Ending the Deadlock in Nepal

King Gyanendra of Nepal’s royal coup on February 1, 2005 not only suspends the Nepalese people’s fundamental rights, including freedom of assembly and expression, right to information and privacy, and protections afforded by Nepal’s constitution against arbitrary arrest and imprisonment of individuals but also drives the country into an un-destined direction. The Himalayan nation is floating amid different political cyclones created by the king and his army, and other parties. The so-called emergency rule has blinded-folded the eyes of journalists, and closed the mind and lips of the Nepalese. Nobody knows who killed whom and where. Intimidation by either king’s army or Maoists is a part of life for majority of the people. King’s council is very reluctant to listen anything except a supporting voice of the royal coup. The political mess is further aggravated by vigilante advices of council members. Nearly after two months of emergency, it seems that king’s pockets for peace have nothing except guns that also provided by donors’ money, but Nepal’s current problem won’t be solved by guns.

Majority of population in Nepal live under a very deprived situation of basic needs. The country is poor not only due to lack of economic capital, but owing to facts of biased and flawed planning and policies adopted in past five decades. In spite of the highest per capita funding by international agencies in past fifty years, life in rural areas is pitiful in absence of any socioeconomic development structures. A handful ruling class who controlled the resources over the years never bothered to uplift the poor village economy. This ruling class that enjoys a first class privilege maximizes its vested interest by centralizing power, and, unfortunately, multiparty polity lagged behind to break this loop. Maoists are trying to capture that poverty and underdevelopment for their political momentum, whereas King seems further fostering the zeal of Maoists by centralizing the decision making authority, and sidelining the democratic political forces. Further, the ongoing sporadic fights between army and Maoist are turning the general people’s life insecure and vulnerable in many areas.

The country is deadlocked due to King’s absolute political command, which is against the 1990 Constitution of Nepal. King’s day to day political activity with the help of a council of ministers simply aims to control mainstream political parties who oppose the absolute monarchial system. Over two years period the King has changed four sets of ministers. On the other hand, the Nepali Congress, an oldest democratic party that upholds a constitutional monarchy, insists that King must reinstall the parliament, and it eventually will take a course of actions including dealing with the Maoists, holding election, and reforming the constitution. King gained by playing a zero sum game with political parties. The same tactics used by his brother and father in past five decades. In fact, in past fifty years of political history of Nepal, not a single prime minister has completed its tenure of five years. Meanwhile, Maoists are insisting on to satisfy their two key demands: formation of an interim government, and agreement on election of the constitution assembly prior to initiate the negotiation.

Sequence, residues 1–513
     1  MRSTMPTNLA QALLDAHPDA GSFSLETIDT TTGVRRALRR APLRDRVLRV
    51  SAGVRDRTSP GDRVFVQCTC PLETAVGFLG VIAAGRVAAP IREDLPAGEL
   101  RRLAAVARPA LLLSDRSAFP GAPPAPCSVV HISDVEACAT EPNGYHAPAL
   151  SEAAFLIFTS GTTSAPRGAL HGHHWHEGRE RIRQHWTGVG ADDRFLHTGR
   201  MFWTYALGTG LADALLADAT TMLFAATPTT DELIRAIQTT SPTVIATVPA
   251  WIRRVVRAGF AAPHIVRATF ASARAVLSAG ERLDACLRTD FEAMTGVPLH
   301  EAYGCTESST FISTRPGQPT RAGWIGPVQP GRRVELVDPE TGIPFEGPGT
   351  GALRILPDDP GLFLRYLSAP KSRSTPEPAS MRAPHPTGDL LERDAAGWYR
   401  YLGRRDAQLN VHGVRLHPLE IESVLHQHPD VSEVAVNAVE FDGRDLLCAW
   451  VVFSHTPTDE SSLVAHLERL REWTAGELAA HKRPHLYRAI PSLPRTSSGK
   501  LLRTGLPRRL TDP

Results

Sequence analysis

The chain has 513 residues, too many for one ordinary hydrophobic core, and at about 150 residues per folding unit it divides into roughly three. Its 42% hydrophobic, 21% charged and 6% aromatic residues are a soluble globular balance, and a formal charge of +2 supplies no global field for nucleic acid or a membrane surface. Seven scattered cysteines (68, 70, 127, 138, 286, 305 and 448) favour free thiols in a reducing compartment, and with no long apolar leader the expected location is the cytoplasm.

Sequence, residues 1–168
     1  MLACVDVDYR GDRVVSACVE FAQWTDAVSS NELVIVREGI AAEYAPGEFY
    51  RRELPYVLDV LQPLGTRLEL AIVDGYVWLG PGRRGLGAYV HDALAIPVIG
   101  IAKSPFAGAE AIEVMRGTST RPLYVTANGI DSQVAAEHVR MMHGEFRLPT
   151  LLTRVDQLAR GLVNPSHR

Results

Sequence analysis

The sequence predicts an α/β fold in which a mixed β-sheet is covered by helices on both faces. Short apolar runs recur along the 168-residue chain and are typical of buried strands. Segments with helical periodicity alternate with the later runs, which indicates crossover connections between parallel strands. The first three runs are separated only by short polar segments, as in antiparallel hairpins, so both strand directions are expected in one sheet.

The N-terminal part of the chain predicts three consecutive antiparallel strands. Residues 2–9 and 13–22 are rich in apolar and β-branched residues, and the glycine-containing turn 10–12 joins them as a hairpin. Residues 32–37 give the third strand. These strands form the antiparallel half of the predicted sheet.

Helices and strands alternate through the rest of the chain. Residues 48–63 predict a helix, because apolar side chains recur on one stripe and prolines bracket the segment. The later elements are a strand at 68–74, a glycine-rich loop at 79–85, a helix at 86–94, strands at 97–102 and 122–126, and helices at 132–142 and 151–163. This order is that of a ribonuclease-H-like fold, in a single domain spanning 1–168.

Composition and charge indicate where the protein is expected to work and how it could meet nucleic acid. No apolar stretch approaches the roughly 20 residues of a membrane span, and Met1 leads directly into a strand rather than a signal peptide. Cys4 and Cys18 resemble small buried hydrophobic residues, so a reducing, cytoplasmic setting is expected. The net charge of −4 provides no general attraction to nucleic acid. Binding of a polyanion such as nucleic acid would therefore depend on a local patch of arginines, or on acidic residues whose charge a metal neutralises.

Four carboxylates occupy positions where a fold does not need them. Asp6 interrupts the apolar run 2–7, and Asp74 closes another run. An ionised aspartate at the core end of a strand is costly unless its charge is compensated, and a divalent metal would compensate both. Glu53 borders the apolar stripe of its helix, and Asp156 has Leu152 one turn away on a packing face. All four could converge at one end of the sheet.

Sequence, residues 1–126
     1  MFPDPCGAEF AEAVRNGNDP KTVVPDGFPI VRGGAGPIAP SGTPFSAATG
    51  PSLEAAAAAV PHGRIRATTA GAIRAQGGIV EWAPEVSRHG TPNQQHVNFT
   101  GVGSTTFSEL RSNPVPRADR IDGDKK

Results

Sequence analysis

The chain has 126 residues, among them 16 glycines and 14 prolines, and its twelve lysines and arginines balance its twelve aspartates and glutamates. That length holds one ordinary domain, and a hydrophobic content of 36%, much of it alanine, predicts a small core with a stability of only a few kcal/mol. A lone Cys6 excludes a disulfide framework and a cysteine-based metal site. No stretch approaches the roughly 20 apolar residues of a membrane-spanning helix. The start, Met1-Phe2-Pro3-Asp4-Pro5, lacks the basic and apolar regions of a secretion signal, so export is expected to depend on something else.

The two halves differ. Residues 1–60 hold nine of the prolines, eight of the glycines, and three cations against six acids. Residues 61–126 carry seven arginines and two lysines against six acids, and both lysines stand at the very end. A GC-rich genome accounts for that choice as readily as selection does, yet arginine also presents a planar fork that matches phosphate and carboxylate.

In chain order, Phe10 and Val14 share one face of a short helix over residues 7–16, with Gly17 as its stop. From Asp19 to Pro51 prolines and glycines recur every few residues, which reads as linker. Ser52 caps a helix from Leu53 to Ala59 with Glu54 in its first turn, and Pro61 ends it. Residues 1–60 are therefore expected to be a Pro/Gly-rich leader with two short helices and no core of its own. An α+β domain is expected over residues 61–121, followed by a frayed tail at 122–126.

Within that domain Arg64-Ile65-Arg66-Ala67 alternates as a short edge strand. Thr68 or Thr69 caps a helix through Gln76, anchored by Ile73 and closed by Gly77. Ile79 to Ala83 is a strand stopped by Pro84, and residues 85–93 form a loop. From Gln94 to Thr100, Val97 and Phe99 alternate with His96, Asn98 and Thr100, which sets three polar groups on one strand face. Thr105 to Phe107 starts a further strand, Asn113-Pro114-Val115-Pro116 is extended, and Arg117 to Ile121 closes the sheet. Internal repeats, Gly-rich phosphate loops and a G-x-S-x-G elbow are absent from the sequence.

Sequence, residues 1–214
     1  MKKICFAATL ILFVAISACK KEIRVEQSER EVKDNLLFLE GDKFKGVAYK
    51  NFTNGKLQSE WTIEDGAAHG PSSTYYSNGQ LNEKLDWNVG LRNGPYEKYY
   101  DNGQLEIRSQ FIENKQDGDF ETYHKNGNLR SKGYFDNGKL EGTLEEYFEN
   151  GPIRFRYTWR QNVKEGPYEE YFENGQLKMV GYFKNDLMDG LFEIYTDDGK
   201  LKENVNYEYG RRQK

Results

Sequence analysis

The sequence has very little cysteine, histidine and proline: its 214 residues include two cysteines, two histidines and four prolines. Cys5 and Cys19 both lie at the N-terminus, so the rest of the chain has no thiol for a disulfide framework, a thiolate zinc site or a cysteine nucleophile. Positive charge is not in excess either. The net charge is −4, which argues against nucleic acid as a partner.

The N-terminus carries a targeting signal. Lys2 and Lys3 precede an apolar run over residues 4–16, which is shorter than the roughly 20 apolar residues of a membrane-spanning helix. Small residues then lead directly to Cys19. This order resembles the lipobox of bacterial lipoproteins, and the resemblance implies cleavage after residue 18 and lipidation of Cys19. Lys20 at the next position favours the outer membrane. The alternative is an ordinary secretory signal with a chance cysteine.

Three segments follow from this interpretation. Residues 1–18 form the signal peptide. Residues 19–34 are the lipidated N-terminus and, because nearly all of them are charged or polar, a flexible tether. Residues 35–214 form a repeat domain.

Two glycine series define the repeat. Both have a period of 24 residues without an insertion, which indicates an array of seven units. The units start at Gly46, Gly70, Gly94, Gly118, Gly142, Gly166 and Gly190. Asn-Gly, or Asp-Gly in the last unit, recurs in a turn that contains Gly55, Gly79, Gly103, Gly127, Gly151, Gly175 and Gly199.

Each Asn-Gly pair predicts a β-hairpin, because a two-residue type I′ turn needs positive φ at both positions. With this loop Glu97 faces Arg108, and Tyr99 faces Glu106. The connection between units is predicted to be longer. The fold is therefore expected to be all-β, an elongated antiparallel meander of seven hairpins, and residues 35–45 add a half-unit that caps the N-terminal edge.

It will be never late to reconcile the democratic forces, and formulate an exit strategy. It is well discussed by different stakeholders that present constitution does not solve Nepal’s current socio-political and economic problems. Further, the contemporary constitution is fouled by all: king, parties, and judiciary. Nepal is in dire need of an overhauling of socioeconomic development philosophy based on an innovative constitution that guarantees rights, resources, and responsibility, and accountability at different levels rather than a simple politico-administrative makeover at the central level. An original constitution is required to empower people at local level such as villages and districts. It is pity to mention that an elected people’s representative at a local unit of government is helpless and hopeless except to hearing complains due to lack of sociopolitical and economic rights, and resources. A novel constitution is needed to institutionalize the democracy at village and district levels so that resources will be mobilized by the local people with due responsibility. An innovative constitution is a long desired felt to address the need of accountability in Nepal which lacks from King’s palace to ministries, army, and judiciaries. Henceforth, the national political parties need a consensus voices on holding an election of constitutional assembly so that Maoists will be brought into a mainstream politics as well as it will address people’s concerns raised above. Issue of constitutional assembly is a much waited politico-economical tool in Nepal, which was raised in 1950s by the Nepali Congress – a very old and a democratic party. As of now, Maoists also seems waiting for a safe landing based on this issue. Further, international mediation may require to holding such an election so that guns will not prevail in the process.